Marathon Man

The man who’s skied 2,134 consecutive days—and counting.
Rainer Hertrich and his handlebar mustache.

By August 31, 2009, Copper Mountain snowcat driver Rainer Hertrich, 47, had skied 2,134 consecutive days. That’s every day since November 1, 2003—since the Marlins won the Series, and through bouts of the flu, a separated shoulder, and four rib injuries. And he’s still going. He works six months a year at Copper and shoulder-season days at Loveland and Arapahoe Basin. He grooms Mt. Hood by summer and finishes the year in South America. He’s amassed more than 70 million vertical feet and a Guinness record, all on telemark gear. He spoke to us between runs in September.

I was on CNN once for 17 seconds. They charged me $200 just to get a DVD of it.

A lot of people say my skiing is inspirational and shows a good work ethic. But I’m not looking to give motivational speeches. I’m the one who gets to ski.

The vert is more important. That’s the record Guinness created: accumulated vertical descent in consecutive days. But skiing a million vertical feet per month is a lot. That’s more than Everest every day.

You have to be dedicated. Minus 20 and windy would rate as a bad day.

Changing hemispheres is tough. Santiago, Chile, is three hours later than Timberline, Oregon. I prepack my gear and take a predawn run on other equipment before my flight. Coming home to Colorado, my flight arrives in the morning, so I hit Loveland on the way back.

I don’t go to doctors. I don’t need to know that something hurts. When I separated my shoulder, I just didn’t plant my pole.

I like kayaking and fishing also. Whenever I do those together, I get a three-sport day in. Four if you count my motorcycle ride to get to Oregon’s Deschutes River.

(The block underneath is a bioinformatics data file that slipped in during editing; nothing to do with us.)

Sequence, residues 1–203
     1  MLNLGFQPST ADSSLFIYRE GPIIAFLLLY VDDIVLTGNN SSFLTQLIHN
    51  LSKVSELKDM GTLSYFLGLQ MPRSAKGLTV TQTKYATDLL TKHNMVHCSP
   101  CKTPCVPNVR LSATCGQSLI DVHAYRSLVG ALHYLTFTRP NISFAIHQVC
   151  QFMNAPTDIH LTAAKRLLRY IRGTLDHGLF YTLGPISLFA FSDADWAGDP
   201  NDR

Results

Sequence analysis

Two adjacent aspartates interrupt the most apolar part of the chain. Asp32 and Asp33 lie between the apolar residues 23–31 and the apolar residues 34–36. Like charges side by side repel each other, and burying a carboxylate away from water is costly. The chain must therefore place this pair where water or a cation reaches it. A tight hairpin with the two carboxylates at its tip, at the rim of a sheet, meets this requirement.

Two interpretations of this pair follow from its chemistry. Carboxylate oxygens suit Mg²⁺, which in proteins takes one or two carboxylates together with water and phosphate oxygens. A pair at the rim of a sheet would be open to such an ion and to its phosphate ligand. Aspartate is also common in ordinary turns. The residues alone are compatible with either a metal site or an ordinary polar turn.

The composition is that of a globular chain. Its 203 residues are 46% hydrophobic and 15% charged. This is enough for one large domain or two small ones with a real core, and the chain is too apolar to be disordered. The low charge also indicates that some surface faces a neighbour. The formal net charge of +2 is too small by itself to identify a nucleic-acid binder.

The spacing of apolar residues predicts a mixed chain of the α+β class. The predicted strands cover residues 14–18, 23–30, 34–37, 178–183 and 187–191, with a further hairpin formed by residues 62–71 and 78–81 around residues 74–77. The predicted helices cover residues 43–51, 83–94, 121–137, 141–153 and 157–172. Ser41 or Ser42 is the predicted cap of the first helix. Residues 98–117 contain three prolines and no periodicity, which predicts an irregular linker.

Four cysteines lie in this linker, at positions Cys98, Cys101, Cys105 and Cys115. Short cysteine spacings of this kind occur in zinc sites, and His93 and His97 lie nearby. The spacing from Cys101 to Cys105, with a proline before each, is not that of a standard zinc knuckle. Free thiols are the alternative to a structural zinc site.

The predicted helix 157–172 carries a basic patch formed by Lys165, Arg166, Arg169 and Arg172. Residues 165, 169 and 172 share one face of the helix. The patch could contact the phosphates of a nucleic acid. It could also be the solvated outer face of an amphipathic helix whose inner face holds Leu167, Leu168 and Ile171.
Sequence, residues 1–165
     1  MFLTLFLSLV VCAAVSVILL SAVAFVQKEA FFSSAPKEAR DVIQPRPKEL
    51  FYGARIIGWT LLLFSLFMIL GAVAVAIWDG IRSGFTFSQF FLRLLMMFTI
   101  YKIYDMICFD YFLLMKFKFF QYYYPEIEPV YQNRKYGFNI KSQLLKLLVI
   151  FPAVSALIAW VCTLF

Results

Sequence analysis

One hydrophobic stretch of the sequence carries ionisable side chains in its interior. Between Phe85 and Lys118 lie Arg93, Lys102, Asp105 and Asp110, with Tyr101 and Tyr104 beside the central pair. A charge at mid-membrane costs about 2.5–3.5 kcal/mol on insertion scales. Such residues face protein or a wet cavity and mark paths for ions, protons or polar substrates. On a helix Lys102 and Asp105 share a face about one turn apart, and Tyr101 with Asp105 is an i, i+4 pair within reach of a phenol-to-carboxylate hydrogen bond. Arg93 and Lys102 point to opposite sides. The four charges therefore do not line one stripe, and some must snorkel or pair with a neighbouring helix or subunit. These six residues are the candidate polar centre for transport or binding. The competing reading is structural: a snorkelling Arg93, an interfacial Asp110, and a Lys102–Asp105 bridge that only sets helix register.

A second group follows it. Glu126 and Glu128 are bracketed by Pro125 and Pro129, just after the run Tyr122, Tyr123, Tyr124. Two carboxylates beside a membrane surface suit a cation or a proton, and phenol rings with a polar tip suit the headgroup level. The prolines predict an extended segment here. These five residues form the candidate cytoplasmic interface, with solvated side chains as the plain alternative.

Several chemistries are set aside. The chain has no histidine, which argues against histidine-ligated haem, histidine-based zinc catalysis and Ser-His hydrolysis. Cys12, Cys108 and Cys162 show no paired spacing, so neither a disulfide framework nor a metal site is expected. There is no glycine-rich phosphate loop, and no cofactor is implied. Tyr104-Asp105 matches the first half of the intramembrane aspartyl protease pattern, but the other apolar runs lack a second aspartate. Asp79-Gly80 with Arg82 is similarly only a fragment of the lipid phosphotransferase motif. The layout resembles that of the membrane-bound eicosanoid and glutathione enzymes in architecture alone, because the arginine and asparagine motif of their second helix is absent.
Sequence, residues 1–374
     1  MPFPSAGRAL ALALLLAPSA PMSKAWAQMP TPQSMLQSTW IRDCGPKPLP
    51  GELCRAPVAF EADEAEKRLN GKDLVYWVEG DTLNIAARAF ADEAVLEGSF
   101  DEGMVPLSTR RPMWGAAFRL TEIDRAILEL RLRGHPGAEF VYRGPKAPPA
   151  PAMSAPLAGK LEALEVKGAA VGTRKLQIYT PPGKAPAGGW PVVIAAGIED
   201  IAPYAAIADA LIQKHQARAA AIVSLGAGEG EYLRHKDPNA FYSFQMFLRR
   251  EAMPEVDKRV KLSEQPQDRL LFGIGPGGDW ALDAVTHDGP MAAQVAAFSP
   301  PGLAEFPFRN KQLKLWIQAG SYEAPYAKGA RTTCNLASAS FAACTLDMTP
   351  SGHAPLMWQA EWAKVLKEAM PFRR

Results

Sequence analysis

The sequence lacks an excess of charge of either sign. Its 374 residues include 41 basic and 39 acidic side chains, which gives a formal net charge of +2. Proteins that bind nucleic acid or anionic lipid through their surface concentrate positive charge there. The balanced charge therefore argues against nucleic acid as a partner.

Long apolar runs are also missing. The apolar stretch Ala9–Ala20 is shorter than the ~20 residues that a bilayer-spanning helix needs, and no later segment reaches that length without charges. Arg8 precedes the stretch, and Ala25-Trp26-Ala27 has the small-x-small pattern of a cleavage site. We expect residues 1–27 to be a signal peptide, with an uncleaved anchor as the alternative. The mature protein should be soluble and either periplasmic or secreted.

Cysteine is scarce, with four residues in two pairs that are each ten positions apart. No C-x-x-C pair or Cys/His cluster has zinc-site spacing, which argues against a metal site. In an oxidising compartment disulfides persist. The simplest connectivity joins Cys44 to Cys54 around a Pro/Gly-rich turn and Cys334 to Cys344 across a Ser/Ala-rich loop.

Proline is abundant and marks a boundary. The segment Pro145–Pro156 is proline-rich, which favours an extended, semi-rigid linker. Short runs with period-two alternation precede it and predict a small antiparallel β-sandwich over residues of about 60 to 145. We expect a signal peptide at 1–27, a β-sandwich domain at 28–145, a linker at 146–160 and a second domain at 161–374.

A-Basin 2

The Earliest Opening Date in History

You've likely heard the snowfall reports from around the country. Wyoming, Utah, Washington, California, and Colorado have all boasted early season dustings. But if you live in Colorado, the season officially starts tomorrow with Loveland opening at 9 a.m., beating out its rival Arapahoe Basin by a mere two days.

Arctic Man

Arctic Man

At Arctic Man, skiers and snow-machiners unite for one of skiing's weirdest races. There are busted bones, burning couches, and hopes of seeing Todd Palin. Surviving the 4.5-mile race is the easy part. We have helmet cam footage and in-depth account from last spring's race in Alaska.

Honorable Mention: Seth Morrison

Five Question Interview: Seth Morrison

Seth Morrison is featured in the new TGR film, Re:Session, and just signed on with a new sponsor, We spoke to him about Christmas shopping, early season groomers, and what it feels like to jump into a pile of foam.

Craig DiPietro, Somewhere between Keystone and Breck

The Hillbilly Haute Route

Who can afford to ski the real Haute Route during a recession? What we need is a domestic version, a tour connecting, say, nine ski areas in Colorado. It’s out there for any mountain yokel willing to hoist a heavy pack, bribe snowmobilers, and break trail where trails aren’t meant to be broken. It starts in luxury and ends with nearly rotten mayonnaise—conditions permitting.

A State Representative Who Rips

The man behind two ski magazines moves into politics.

Andy Campbell at Buffalo Pass, Colorado

Finally, a Freeride Event for Sit-Skiers

Because the powder is deeper when you ski sitting down.

A skier takes the plunge into Woodward’s foam-filled pool

Ski Indoors. It’s Cool. We Promise.

At Woodward at Copper, Colorado’s new indoor park training facility, you can learn Rodeo 5s, backflips, and more, into the comfort of a foam pit.


Chasing Jen: Skiing Mag's Blind Date Setup

In Skiing magazine’s February 2009 issue, we ran a letter from Jen Winslow from Maine, who asked for our help finding her a guy who cares about skiing as much as she does. So we sent out a call for help, asking guys to write in and tell us why they deserved a ski date with Jen. Sugarloaf was willing to donate some lift tickets and an apres-ski bar tab for the occasion. Dozens of eligible bachelors from all over the country wrote in, hoping for their chance at romance. The lucky guy? Wes Berkshire, from Colorado, who flew across the country to meet Jen. Here’s Wes' story.